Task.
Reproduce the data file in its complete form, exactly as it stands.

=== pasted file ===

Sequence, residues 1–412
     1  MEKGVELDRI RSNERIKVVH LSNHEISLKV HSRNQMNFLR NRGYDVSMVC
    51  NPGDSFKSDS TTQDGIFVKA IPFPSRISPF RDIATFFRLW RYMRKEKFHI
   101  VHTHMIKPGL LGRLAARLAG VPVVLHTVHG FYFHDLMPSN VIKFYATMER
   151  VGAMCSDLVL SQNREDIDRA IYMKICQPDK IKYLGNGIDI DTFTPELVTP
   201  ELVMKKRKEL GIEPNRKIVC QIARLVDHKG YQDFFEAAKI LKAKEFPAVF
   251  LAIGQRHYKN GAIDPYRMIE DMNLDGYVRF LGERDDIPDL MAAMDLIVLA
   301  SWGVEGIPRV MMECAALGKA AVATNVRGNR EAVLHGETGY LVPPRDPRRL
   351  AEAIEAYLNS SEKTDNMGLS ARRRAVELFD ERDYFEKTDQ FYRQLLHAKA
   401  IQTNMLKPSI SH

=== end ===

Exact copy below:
Sequence, residues 1–412
     1  MEKGVELDRI RSNERIKVVH LSNHEISLKV HSRNQMNFLR NRGYDVSMVC
    51  NPGDSFKSDS TTQDGIFVKA IPFPSRISPF RDIATFFRLW RYMRKEKFHI
   101  VHTHMIKPGL LGRLAARLAG VPVVLHTVHG FYFHDLMPSN VIKFYATMER
   151  VGAMCSDLVL SQNREDIDRA IYMKICQPDK IKYLGNGIDI DTFTPELVTP
   201  ELVMKKRKEL GIEPNRKIVC QIARLVDHKG YQDFFEAAKI LKAKEFPAVF
   251  LAIGQRHYKN GAIDPYRMIE DMNLDGYVRF LGERDDIPDL MAAMDLIVLA
   301  SWGVEGIPRV MMECAALGKA AVATNVRGNR EAVLHGETGY LVPPRDPRRL
   351  AEAIEAYLNS SEKTDNMGLS ARRRAVELFD ERDYFEKTDQ FYRQLLHAKA
   401  IQTNMLKPSI SH